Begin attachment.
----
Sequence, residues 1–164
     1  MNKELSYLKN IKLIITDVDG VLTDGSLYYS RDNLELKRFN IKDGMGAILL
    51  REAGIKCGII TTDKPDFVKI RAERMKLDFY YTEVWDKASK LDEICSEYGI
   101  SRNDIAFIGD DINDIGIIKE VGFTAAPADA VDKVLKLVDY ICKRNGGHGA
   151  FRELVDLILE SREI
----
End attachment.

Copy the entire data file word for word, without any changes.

Sequence, residues 1–164
     1  MNKELSYLKN IKLIITDVDG VLTDGSLYYS RDNLELKRFN IKDGMGAILL
    51  REAGIKCGII TTDKPDFVKI RAERMKLDFY YTEVWDKASK LDEICSEYGI
   101  SRNDIAFIGD DINDIGIIKE VGFTAAPADA VDKVLKLVDY ICKRNGGHGA
   151  FRELVDLILE SREI